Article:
Curiosity Shop (partially found children's educational television series; 1971-1973)
Curiosity Shop was an educational television show produced for children that was created by famous Warner Bros. animator and director, Chuck Jones. It was aired on ABC. It was sponsored by the Kellogg's cereal company, and had many similarities to Public Broadcasting Service's Sesame Street, including live-action segments that included puppets, and animated segments. One segment even involved dolls.
The series was conceived when Chuck Jones left Metro-Goldwin-Mayer after the studio shut down its animation department, in 1970. Longtime collaborators of Jones were brought in to work on the series, such as voice actors Mel Blanc and June Foray, producer Abe Levitow and composer Dean Elliott. Other key staff members include voice actors Don Messick and Bob Holt, animaton director George Pal, and composer Henry Mancini of The Pink Panther fame, who composed the opening credits music for Curiosity Shop. Prominent actors include Barbara Minkus and child actress Pamelyn Ferdin, who voiced the Peanuts character Lucy van Pelt between 1969 and 1971. And Jerelyn "Jere" Fields who is a clinician and former voice actress.
Overview[edit | edit source]
The program starred two boys and one girl, who went down to the titular Curiosity Shop. It was populated with puppets and cool gadgets. The children would learn various educational subjects, like nature, science, and history.
There are two animated characters in Curiosity Shop. The first was named "Professor S.I. Trivia", a literal bookworm, who would be there to give the definition to a word the children don't know. The second one went by the name of "Monsieur Cou Cou", a bird with a French accent and his catchphrase was "That's right!". He attempted to eat Professor Trivia on a regular basis, but the professor would always get out of the way just in time, and Monsieur would accidentally get his beak stuck in a book.
Many famous/not-so-famous artists or animators would make contributions to the series, such as Irving Philips (creator of The Strange World of Mr. Mum), Johnny Hart (creator of The Wizard of Id), and Hank Ketcham (creator of Dennis the Menace). Henry Mancini composed the theme song for the show.
Some of the puppet characters included Flip, an orange hippo with gigantic shoes and a jive-talking voice, and Baron Balthazar, a small bearded little man who would tell stories about his antics in his homeland in Downtown Bosnia. He was based on his character in a 1967 Yugoslavian animated series titled Professor Balthazar. All of the puppets were created by Bob Baker.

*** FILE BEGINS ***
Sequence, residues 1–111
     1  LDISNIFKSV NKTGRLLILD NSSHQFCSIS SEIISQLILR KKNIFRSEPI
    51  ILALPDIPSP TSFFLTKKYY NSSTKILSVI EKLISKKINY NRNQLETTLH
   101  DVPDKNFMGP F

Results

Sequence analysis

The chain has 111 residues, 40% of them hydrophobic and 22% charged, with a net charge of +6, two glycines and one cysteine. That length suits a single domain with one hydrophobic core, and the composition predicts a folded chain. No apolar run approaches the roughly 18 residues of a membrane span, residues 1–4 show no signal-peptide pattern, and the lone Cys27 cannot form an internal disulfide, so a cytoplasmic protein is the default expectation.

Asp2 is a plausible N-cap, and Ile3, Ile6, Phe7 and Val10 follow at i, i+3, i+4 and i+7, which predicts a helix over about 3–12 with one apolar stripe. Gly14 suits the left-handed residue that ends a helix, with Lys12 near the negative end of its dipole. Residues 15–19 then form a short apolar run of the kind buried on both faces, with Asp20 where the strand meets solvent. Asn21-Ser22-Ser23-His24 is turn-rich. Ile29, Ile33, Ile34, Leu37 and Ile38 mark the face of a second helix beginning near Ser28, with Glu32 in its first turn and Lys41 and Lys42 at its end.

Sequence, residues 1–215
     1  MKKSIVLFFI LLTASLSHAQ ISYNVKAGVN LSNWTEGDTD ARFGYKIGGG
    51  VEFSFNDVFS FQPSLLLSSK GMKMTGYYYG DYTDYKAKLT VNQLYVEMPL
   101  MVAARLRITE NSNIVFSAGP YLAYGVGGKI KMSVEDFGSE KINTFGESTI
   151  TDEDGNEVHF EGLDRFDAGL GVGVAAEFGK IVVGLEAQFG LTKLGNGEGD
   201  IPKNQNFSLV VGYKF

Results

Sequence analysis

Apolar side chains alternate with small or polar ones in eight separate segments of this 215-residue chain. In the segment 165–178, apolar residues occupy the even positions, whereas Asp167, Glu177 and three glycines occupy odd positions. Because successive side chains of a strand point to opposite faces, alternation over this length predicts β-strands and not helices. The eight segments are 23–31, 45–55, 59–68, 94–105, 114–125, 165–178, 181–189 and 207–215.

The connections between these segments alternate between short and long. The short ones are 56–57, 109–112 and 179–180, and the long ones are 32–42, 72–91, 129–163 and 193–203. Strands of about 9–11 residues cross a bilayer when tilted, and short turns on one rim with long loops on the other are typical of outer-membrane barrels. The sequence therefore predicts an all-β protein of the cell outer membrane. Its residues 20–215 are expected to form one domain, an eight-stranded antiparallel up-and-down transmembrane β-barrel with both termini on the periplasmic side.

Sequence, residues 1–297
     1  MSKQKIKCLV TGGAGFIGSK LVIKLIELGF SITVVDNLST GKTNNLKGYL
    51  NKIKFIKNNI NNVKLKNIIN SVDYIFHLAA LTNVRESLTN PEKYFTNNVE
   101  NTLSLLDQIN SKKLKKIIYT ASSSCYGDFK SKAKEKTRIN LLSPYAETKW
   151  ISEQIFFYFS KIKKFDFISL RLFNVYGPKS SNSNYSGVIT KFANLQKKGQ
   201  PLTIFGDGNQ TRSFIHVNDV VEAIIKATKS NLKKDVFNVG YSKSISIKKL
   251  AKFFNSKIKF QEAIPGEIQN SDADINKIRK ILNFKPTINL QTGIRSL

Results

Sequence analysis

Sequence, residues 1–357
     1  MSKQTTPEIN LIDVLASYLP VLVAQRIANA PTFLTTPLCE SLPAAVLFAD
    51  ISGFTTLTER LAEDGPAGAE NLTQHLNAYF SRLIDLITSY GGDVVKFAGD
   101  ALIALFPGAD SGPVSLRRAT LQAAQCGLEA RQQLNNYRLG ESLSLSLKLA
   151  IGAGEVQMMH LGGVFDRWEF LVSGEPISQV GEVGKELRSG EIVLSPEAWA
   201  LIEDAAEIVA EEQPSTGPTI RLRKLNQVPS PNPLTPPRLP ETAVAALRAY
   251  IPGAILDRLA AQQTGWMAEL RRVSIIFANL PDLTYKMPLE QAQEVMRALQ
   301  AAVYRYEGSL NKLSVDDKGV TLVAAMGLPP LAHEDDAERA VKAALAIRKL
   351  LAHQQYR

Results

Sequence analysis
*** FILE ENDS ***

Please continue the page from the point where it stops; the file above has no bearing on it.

Availability[edit | edit source]
The show ran from 1971 to 1973 and began with an episode titled "The Curiosity Shop Special" on September 2nd, 1971, and every episode ran at an hour's length. Most of the series is unaccounted for, and even "The Curiosity Shop Special" doesn't seem to survive in its entirety, only surviving partially on a channel surfing video uploaded to YouTube in 2018, that starts about 19 minutes into the video and ends about 37 minutes into it. Due to ABC's wiping practices in the 1950s-1970s, it is unlikely more of the show will surface. What makes it even more unlikely is that the show ran before home recording machines like the VCR existed. Short clips of the show do exist, such as the intro and the aforementioned doll segment, but other than that, not much else of the show has surfaced.
As of August 2019, the channel surfing video has been removed, leaving "The Curiosity Shop Special" lost, and scattered clips and the intro being the only clips of the show on the internet left. Eventually on 17 Jun 2021, the channel surfing video with "The Curiosity Shop Special" (which appears at the 11:51 timemark) re-appeared on YouTube.
A fan page of the series on Facebook uploads and shares surviving clips, some of which come from Pamelyn Ferdin's own Facebook page.
Gallery[edit | edit source]
External Link[edit | edit source]
- IMDb page for the series., Retrieved 15 Mar '19;
- The Curiosity Shop Facebook fan page, Retrieced 28 Dec '19;
References[edit | edit source]
- An article on Irving Philips' death that mentions his contributions to Curiosity Shop. Retrieved 15 Mar '19
- A page on Curiosity Shop. Retrieved 15 Mar '19